Montreal

Mayor of Saint-Jean-sur-Richelieu, aka 'The Bulldozer,' shares flood wisdom

After Michel Fecteau gathered an army of organized, well-co-ordinated volunteers to help with flood relief in Saint-Jean-sur-Richelieu in 2011, he earned the nickname.

Learning from past flood experience, South Shore town has filled and stockpiled 100,000 sandbags

Michel Fecteau speaks to Radio-Canada during flood relief efforts in St-Jean-sur-Richelieu in 2011. (Radio-Canada)

After Michel Fecteau gathered an army of organized, well-co-ordinated volunteers to help with flood relief in Saint-Jean-sur-Richelieu in 2011, people started calling him "The Bulldozer," for his ability to get things done.

Now mayors from cities and towns ravaged by floods this spring are turning to Fecteau for help.

He'll host a meeting of those mayors Thursday to share his expertise.

Fecteau was a civic-minded car salesman in 2011 when he single-handedly built "SOS Richelieu," a group of 3,500 volunteers to help clean up after the floods.

Now he is the mayor of the flood-prone community on the Richelieu River, 40 kilometres southeast of Montreal, and flood preparedness is at the top of his priority list.

Stockpiling sandbags

Several people affected by floods in Montreal have told CBC about difficulty getting sandbags from their municipal authorities.

Under Fecteau's leadership, Saint-Jean-Sur-Richelieu has a stockpile of 100,000 sandbags, filled and ready to be deployed at a moment's notice.

"You can't wait until you have to run after the sand and start filling the bags during the flooding period.  You have to be prepared," Fecteau told CBC.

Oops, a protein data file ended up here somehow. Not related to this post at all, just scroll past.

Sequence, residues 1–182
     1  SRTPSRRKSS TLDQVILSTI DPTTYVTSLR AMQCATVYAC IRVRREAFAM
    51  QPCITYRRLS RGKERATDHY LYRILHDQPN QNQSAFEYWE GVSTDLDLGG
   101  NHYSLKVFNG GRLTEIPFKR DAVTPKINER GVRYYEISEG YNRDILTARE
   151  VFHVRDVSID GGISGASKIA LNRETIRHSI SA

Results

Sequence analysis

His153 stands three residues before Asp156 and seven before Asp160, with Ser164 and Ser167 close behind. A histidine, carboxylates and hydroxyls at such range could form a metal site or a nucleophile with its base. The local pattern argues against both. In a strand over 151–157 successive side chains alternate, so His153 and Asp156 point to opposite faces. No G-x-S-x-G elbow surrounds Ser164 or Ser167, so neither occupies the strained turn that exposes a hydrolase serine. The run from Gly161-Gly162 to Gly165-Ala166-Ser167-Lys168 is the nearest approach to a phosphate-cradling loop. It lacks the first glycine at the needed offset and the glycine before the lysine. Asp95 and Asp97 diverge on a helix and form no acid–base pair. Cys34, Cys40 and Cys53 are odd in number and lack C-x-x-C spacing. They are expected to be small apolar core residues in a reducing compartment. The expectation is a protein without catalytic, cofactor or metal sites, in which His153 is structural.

Saint-Jean-Sur-Richelieu donated 20,000 sandbags from its stockpile to Rigaud over the weekend, but municipal workers in Saint-Jean have already started restocking it.

Early warning

The city is also launching an early warning system so that sandbags can be deployed before floodwaters rise rapidly.

This spring it installed surveillance cameras at key areas where the water peaked in 2011.

"In real time each day we can see the movement of the river and track the water levels, so it's live action during the flooding period," Fecteau said.

The city has also installed powerful pumps at key locations along the riverbank.

Well-organized cleanup

Fecteau said he's eager to share this expertise with mayors of towns and cities affected by floods now.

"We want to talk about quick response, and how to do cleanup, and then how to re-establish normal life afterwards," he said.

When he was head of SOS Richelieu, Fecteau's biggest task was organizing a massive one-day cleanup, with volunteers bussed in from Montreal and other cities.

He stressed that such a cleanup needs to be well-structured, with transportation, safety gear and food available for volunteers.

Those volunteers were able to remove all of the thousands of sandbags that had been deployed in Saint-Jean in a single day.

He understands that people fighting to save their homes are probably close to a breaking point.

"We have to be very careful and have specialists take care of those people.  The stress seems to be at the maximum," he said.

His message for those people: be patient. The water will go down. The repairs and renovations will be finished.  People will help.  It will just take time.

ABOUT THE AUTHOR

Steve Rukavina is a journalist with CBC Montreal.

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